Cautions of Implementing Liturgical Practices in Church Services

“Liturgy” can be defined as the practice of formal and reverent religious rituals and customs as an intentional ingredient of church worship services. These practices are usually public activities that can reflect praise and worship, thanksgiving, or prayer and supplication.

If a church desires to change its style of worship to include more practices of liturgy, it is important for them to keep the following cautions in mind.

1. Be careful of swinging pendulums. Of course, it is essential for church leaders to not swing the pendulum of church trends the other way in a misguided attempt to try something else. Church programming must be based on clear biblical principles instead of adopting current trends just because other churches are attempting those things too.

2. Be careful of extremes. Balance is probably the key when beginning liturgical rituals in a church where those practices have not been the norm. Younger generations today are probably looking for a balance of high-energy, experiential, and pop-oriented worship alongside serious and formal liturgy.

The problem with today’s church seems to be when they adopt one methodology and one style of programming instead of realizing that there are other valid forms of worship that can all be integrated together.

3. Be careful of promoting the idea that practicing religious traditions earn favor with God. Christ never intended practices of worship to be ways of earning merit or favor with God. Ephesians 2:8-9 makes it clear that people are saved “by grace… through faith” and not by “works” or even practices of religious traditions.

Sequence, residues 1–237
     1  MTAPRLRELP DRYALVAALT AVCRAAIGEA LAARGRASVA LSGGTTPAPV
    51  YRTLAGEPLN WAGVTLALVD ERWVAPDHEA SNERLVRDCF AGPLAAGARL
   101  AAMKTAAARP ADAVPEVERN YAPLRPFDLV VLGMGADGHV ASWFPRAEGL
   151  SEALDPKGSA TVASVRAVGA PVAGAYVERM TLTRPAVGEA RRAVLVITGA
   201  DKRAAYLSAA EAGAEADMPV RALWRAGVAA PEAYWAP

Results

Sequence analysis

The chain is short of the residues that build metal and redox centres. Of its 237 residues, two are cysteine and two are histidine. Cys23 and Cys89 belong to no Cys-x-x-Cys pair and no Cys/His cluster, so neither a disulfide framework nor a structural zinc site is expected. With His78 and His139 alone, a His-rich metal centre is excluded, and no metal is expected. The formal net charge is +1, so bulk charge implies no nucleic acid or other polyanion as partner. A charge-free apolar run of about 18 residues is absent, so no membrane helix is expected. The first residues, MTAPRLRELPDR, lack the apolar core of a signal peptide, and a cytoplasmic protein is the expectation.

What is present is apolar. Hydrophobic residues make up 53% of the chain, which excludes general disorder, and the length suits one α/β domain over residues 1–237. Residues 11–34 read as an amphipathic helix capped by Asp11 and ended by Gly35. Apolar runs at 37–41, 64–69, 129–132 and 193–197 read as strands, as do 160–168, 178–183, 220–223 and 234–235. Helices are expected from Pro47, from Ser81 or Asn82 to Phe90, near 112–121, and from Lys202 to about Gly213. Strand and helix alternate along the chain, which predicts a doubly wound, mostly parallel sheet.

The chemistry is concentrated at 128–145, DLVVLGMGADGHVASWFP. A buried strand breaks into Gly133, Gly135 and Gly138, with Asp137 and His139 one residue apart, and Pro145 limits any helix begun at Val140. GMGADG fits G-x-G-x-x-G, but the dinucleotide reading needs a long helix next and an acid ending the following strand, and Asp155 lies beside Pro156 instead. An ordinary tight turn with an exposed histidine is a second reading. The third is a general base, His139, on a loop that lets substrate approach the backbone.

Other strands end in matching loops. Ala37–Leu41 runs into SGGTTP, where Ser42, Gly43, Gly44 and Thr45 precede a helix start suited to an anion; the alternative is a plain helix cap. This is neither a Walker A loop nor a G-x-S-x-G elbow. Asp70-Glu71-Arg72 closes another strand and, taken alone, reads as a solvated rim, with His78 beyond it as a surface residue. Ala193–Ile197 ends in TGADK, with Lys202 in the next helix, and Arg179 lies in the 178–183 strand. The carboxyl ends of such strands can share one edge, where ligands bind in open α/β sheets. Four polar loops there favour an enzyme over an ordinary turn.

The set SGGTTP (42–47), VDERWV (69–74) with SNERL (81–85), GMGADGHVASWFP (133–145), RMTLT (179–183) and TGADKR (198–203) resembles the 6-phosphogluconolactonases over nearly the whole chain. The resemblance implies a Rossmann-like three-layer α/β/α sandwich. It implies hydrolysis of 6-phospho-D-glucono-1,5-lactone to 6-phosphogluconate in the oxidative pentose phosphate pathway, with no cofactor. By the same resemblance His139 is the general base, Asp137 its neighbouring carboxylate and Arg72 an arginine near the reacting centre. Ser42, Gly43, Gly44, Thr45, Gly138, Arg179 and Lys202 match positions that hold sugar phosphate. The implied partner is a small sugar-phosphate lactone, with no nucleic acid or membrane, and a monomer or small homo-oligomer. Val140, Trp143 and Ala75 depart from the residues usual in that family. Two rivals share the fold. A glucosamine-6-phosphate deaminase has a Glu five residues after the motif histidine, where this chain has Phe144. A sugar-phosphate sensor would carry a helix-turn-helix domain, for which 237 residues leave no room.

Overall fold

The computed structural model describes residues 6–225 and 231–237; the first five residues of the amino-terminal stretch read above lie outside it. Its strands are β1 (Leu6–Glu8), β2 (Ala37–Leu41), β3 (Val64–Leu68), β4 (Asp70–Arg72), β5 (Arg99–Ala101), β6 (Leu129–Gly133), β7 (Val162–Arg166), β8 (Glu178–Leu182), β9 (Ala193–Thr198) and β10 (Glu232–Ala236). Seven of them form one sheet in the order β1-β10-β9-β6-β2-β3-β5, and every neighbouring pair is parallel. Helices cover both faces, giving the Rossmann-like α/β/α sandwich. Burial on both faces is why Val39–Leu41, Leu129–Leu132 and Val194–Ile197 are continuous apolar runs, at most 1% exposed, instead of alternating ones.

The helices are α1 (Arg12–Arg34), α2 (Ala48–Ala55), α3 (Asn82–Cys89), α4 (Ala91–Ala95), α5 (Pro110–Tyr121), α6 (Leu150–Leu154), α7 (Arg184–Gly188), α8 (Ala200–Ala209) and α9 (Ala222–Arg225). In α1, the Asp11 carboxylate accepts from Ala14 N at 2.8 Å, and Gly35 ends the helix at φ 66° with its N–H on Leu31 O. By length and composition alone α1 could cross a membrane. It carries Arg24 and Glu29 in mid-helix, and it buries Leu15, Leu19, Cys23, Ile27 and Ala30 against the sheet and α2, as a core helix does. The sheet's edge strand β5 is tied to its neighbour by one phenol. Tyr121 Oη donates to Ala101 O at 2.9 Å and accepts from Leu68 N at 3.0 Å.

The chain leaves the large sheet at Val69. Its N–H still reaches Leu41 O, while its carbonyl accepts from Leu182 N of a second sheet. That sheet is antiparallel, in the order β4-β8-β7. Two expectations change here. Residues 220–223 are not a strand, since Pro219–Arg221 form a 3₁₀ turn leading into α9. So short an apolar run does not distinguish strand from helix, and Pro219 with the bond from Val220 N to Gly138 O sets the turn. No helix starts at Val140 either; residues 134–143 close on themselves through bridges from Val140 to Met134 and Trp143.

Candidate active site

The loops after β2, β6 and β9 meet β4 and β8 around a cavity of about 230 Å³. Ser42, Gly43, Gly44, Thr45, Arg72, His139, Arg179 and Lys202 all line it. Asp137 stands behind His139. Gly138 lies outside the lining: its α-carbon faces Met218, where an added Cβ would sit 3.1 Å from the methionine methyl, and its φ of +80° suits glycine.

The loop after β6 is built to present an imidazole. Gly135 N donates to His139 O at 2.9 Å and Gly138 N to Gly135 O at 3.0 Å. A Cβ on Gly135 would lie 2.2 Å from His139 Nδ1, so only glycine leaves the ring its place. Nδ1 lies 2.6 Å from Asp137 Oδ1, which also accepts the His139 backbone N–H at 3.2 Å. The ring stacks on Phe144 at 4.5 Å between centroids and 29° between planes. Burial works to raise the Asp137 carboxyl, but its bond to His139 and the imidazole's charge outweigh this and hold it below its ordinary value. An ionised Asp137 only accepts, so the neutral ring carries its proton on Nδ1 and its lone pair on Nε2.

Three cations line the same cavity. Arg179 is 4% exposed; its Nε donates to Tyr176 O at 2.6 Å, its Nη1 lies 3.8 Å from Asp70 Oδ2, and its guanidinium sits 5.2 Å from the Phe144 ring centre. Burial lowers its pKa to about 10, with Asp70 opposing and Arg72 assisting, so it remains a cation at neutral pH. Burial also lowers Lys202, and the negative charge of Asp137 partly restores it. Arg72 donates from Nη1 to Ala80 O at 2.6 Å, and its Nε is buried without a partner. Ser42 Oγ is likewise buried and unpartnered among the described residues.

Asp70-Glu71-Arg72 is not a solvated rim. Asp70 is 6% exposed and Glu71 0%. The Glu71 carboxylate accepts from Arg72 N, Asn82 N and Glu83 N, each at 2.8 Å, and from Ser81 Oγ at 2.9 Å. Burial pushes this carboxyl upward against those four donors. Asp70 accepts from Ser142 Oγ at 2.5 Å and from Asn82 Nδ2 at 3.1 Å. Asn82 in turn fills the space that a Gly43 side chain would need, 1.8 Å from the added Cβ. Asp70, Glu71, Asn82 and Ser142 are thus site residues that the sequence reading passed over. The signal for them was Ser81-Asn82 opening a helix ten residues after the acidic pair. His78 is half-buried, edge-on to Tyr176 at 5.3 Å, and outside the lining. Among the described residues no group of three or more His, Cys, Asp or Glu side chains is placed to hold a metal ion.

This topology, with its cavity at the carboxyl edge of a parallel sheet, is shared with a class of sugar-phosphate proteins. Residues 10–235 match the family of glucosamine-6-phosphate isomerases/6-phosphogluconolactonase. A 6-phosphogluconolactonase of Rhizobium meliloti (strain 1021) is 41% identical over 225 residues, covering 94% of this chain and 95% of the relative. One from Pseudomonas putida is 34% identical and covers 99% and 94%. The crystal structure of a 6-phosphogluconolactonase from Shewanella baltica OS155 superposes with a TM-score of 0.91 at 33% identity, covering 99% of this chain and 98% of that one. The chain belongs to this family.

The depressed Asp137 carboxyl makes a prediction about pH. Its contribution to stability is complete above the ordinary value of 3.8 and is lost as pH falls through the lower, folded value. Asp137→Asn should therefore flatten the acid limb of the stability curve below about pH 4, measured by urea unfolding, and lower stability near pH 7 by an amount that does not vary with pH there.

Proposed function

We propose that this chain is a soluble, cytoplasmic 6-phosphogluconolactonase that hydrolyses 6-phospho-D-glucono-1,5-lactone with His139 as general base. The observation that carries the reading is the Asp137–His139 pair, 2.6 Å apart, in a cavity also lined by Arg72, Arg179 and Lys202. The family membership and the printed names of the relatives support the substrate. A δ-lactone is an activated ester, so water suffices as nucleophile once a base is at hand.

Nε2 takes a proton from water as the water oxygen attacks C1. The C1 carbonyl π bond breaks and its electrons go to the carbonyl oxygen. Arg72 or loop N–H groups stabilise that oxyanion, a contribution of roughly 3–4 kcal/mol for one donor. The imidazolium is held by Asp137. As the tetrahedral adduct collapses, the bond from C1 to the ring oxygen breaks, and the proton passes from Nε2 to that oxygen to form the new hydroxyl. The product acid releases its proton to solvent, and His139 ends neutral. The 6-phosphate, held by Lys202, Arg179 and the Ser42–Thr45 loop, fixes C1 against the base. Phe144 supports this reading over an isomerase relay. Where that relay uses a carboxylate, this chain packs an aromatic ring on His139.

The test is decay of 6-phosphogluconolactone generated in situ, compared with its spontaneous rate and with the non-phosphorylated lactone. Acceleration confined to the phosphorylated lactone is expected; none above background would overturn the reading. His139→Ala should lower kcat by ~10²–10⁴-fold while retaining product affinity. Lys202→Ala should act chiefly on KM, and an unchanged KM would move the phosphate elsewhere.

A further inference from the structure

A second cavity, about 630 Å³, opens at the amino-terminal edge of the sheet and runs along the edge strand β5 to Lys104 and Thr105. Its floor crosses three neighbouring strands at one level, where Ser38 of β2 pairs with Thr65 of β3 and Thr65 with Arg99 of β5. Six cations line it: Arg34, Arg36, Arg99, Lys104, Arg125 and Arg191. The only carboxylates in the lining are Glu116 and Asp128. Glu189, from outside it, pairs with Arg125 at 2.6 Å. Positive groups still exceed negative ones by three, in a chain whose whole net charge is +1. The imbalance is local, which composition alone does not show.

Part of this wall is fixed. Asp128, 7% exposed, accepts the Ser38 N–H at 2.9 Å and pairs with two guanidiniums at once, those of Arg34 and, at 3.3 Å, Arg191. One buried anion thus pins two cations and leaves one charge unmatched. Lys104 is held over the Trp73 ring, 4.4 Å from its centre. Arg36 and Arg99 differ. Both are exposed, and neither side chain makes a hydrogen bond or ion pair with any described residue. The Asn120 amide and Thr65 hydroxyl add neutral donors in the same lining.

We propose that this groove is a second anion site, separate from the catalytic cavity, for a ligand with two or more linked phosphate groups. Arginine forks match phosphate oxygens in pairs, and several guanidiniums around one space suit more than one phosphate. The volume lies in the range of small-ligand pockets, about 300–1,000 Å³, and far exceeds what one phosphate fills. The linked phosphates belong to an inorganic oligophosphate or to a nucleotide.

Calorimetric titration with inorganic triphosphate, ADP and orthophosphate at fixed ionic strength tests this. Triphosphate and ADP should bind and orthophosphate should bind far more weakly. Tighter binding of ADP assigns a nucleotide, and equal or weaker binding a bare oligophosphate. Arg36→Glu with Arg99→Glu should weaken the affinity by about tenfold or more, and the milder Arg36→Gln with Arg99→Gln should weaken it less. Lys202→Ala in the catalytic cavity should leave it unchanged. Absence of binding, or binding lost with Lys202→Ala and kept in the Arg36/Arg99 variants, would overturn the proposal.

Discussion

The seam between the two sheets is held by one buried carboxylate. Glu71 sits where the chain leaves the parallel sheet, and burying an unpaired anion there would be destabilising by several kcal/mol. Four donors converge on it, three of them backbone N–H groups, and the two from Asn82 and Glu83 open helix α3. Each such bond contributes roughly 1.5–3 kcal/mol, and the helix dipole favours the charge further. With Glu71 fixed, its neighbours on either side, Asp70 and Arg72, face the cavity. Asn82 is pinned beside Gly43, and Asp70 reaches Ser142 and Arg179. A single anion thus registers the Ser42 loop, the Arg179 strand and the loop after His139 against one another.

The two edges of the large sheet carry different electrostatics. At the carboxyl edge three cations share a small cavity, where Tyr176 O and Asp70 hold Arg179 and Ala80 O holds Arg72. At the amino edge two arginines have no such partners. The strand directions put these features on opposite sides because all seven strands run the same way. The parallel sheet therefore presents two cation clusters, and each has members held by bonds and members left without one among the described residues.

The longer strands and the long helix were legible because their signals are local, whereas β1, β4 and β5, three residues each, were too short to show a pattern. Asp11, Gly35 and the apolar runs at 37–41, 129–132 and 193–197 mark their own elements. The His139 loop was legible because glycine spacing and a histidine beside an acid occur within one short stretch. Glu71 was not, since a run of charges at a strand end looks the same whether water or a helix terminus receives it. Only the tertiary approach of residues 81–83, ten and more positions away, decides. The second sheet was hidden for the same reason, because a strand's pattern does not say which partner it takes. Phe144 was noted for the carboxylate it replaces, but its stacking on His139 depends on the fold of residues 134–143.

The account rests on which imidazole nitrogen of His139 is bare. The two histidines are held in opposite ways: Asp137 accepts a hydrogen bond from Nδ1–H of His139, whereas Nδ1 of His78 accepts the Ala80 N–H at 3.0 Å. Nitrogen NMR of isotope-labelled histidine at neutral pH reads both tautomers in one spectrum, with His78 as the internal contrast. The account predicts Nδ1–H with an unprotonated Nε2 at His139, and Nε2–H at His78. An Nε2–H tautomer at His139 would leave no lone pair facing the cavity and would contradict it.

There are several current religious denominations and traditions that habitually practice liturgical rituals because they teach that those behaviors are a way to earn access to eternal life. It is critically important to remember that Jesus said, “I am the way, the truth, and the life. No one comes to the Father except through Me.” The Bible is clear that the only way to heaven is through belief in Jesus Christ, not because of any habits that people may practice in the church.

What Does This Mean?

More than ever, the church must be the church! It must reach out to others (Acts 1:8), it must preach the Word (2 Timothy 4:2), it must make disciples (Matthew 28:19-20), it must build inter-generational mentoring connections (Titus 2:1-8), it must equip people for ministry (Ephesians 4:11-16), and be a loving household of God’s people (1 Timothy 3:15) — and God’s people must gather to worship the Lord (Colossians 3:15; Ephesians 5:19) the way He intended.

God’s church is an inter-generational family of believers that gather together to grow in Him and can probably do that through emotional, high-energy worship that is balanced with formal, serious liturgical rituals. Both have a place in the church.

Photo Credit: ©iStock/Getty Images Plus/WDnet


Mel Walker is the president of Vision For Youth, Inc., an international network of youth ministry, and he is also the youth pastor at Wyoming Valley Church in Wilkes-Barre, PA. Mel has been actively involved in various aspects of youth ministry for over 40 years. He is also an author, speaker, and a consultant with churches. More information about his speaking and writing ministry can be found at www.GoingOnForGod.com. Mel has written 13 books on various aspects of youth ministry, including Inter-Generational Youth Ministry: Why a Balanced View of Connecting the Generations is Essential for the Church. Mel & Peggy Walker are the parents of 3 adult children—all of whom are in vocational ministry. You can follow him on Twitter: @vfyouth.


Originally published August 18, 2020.